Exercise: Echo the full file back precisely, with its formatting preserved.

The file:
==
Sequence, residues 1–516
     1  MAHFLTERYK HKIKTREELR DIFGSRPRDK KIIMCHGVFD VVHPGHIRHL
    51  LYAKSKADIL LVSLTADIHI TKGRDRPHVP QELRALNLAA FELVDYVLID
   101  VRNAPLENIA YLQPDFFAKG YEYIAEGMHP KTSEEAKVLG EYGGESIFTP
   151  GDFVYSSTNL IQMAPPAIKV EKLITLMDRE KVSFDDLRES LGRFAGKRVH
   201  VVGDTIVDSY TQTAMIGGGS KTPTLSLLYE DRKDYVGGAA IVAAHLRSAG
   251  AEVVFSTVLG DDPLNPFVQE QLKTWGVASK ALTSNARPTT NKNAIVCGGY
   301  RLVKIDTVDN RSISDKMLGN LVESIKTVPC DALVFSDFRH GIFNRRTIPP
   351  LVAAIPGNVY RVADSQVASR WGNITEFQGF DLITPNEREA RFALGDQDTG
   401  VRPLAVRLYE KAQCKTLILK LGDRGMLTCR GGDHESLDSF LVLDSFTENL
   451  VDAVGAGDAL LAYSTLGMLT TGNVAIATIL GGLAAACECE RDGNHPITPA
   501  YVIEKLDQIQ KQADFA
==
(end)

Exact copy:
Sequence, residues 1–516
     1  MAHFLTERYK HKIKTREELR DIFGSRPRDK KIIMCHGVFD VVHPGHIRHL
    51  LYAKSKADIL LVSLTADIHI TKGRDRPHVP QELRALNLAA FELVDYVLID
   101  VRNAPLENIA YLQPDFFAKG YEYIAEGMHP KTSEEAKVLG EYGGESIFTP
   151  GDFVYSSTNL IQMAPPAIKV EKLITLMDRE KVSFDDLRES LGRFAGKRVH
   201  VVGDTIVDSY TQTAMIGGGS KTPTLSLLYE DRKDYVGGAA IVAAHLRSAG
   251  AEVVFSTVLG DDPLNPFVQE QLKTWGVASK ALTSNARPTT NKNAIVCGGY
   301  RLVKIDTVDN RSISDKMLGN LVESIKTVPC DALVFSDFRH GIFNRRTIPP
   351  LVAAIPGNVY RVADSQVASR WGNITEFQGF DLITPNEREA RFALGDQDTG
   401  VRPLAVRLYE KAQCKTLILK LGDRGMLTCR GGDHESLDSF LVLDSFTENL
   451  VDAVGAGDAL LAYSTLGMLT TGNVAIATIL GGLAAACECE RDGNHPITPA
   501  YVIEKLDQIQ KQADFA